By Grace Helbling
Many people have different views on masks. Some hate them, some can tolerate them, and some wear them without complaint. Wearing a mask isn’t just for protecting ourselves; it’s to protect others, in case you are sick without symptoms. If you are skeptical about wearing a mask and whether or not they work, then you can learn about how and why masks work by reading this article, as well as how to differentiate between myths and facts.
How and Why do Masks Work?
If you are wearing a mask, you may be asking why you have to wear it. The short answer is that you are protecting others by keeping your germs to yourself. Masks work because they catch tiny respiratory droplets that escape your body while talking, breathing, and sneezing. As they leave your body, they are caught by the inner layer of your mask. When other people sneeze, cough, or breath on you, the respiratory droplets are caught by the outer layer of your mask. If nobody is wearing a mask, then those respiratory droplets can land into someone’s nose or mouth, and they can carry a virus or other sickness.
The Myths of Masks
Lots of myths and rumors have been spread about COVID-19, and many involve the effectiveness of masks. Most of these myths say that masks do not work or that you can get sick if you wear one.
“Masks don’t work.”
A mask that fits you right and is worn correctly will provide some protection. If you don’t cover your mouth AND nose, then you might be at risk for getting the virus, especially if those around you are not wearing proper face coverings. If a mask is too big, then respiratory droplets can get inside your mask, and your respiratory droplets can escape. If a mask is too small, then your respiratory droplets will be pushed out of your mask. Masks will work, if you wear them correctly.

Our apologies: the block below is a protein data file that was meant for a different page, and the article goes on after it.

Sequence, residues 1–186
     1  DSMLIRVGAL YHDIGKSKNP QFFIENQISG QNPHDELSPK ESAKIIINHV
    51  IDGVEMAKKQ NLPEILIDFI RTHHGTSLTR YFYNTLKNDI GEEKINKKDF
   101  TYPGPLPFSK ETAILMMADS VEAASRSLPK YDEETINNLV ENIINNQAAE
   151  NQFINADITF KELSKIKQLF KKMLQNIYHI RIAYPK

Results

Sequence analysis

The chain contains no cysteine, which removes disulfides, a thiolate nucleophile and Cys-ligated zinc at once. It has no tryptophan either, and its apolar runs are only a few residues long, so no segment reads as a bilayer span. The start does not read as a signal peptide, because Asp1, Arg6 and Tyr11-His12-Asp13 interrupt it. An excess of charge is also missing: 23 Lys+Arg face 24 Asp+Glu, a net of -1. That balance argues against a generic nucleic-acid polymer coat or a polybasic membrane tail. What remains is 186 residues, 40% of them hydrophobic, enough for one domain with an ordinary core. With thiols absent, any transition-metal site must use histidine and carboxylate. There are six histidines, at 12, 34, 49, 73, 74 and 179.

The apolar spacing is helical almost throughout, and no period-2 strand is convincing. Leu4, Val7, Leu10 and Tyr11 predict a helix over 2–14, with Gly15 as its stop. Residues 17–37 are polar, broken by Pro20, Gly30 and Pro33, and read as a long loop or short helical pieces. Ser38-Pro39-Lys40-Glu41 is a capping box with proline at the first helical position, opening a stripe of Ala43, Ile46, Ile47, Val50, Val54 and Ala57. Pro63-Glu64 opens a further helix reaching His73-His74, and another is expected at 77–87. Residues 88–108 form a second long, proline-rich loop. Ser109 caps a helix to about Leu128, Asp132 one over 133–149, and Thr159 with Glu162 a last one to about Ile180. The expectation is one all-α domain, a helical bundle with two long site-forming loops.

“I can get sick from carbon dioxide build-up inside my mask.”
Yes, you can get sick from carbon dioxide build-up, but carbon dioxide will not build up inside your mask. Oxygen can get inside your mask just as well as carbon dioxide can get out. And just because oxygen and carbon dioxide can enter and exit your mask does not mean it won’t work. The molecules that make up oxygen and carbon dioxide are much smaller than the respiratory droplets that carry germs.
The Facts About Masks
Although many of these myths are causing people to not wear masks, they have no scientific evidence supporting them. The information on the CDC website is a reliable source for finding the facts about masks.
“Wearing a mask does not replace social distancing.”
Even though you are wearing a mask, it is important to distance from those who are not in your household. Bacteria on someone’s skin can still get onto yours, and you can still contract a sickness if you touch your face. Also, not all masks are made the same, so some are more effective than others. N95 masks are used by medical professionals and are far more effective than regular one-ply cloth masks.
“A mask can protect my family, and everyone around me, including myself.”
A mask catches your and everyone else’s respiratory droplets, on the inside and out. Although you may be touching your face more often to adjust your mask, you can protect yourself by practicing good hygiene, including using hand sanitizer and washing your hands after touching a commonly used surface, and after blowing your nose or coughing into a tissue. Masks will get dirty after use, so they should be washed regularly to kill any germs that are on them.
The Bottom Line
To protect yourself and others, wearing a mask is important. Washing your hands, taking regular showers and staying home when you are sick can all stop the spread of germs, viruses, and bacteria. It may be hard to miss out on school activities or seeing family and friends, but it will help everyone in time.